Five Years

Five years ago today, I made a decision that would change the trajectory of my life, and lead—with many steps along the way—to the creation of the website you’re reading right now.

On February 6, 2015, I called a cab, packed a bag, and checked in to a detox center in Kirkland, where I stayed for five days before returning home and starting over—no job, no prospects, and no real faith in myself, but an ineffable feeling that this time, things were different.

I won’t belabor everything that it took to get me to Fairfax that rainy morning—suffice to say, this wasn’t the first time I’d checked myself in to a place where the doors locked from the outside—but something had clicked. More than six years after I first sought help—thinking, in my ignorance, that detox would be a “reset button”—I was done.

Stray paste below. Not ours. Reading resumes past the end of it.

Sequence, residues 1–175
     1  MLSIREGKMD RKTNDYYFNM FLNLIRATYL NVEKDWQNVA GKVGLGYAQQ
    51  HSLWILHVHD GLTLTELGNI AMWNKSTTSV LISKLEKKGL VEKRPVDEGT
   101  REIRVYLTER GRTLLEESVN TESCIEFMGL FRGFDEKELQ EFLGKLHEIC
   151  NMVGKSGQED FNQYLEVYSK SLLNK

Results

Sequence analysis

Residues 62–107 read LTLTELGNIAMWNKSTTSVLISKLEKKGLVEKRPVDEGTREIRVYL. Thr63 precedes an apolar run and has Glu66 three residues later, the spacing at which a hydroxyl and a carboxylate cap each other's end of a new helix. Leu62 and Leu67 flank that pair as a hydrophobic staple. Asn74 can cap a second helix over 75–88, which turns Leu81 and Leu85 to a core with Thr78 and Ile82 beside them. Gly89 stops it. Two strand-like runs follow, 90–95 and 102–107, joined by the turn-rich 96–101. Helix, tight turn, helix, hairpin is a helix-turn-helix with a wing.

But putting it that way makes it sound like a foregone conclusion, and of course it wasn’t. Most people who struggle with substance use struggle to quit, and most of us relapse before we “get it.” Some of us have loving, supportive families who try to help; some of us lose the support of those families after a stint at treatment doesn’t “work,” and many of us don’t have support from family or friends at all, because we’ve burned every last bridge or never had bridges to support us in the first place. I had every advantage—a decent job, a family who wanted to help even if they didn’t know how, and friends who never stopped showing up for me, even when I was at one of my many “rock bottoms”—a concept, by the way, that is just a story we tell ourselves.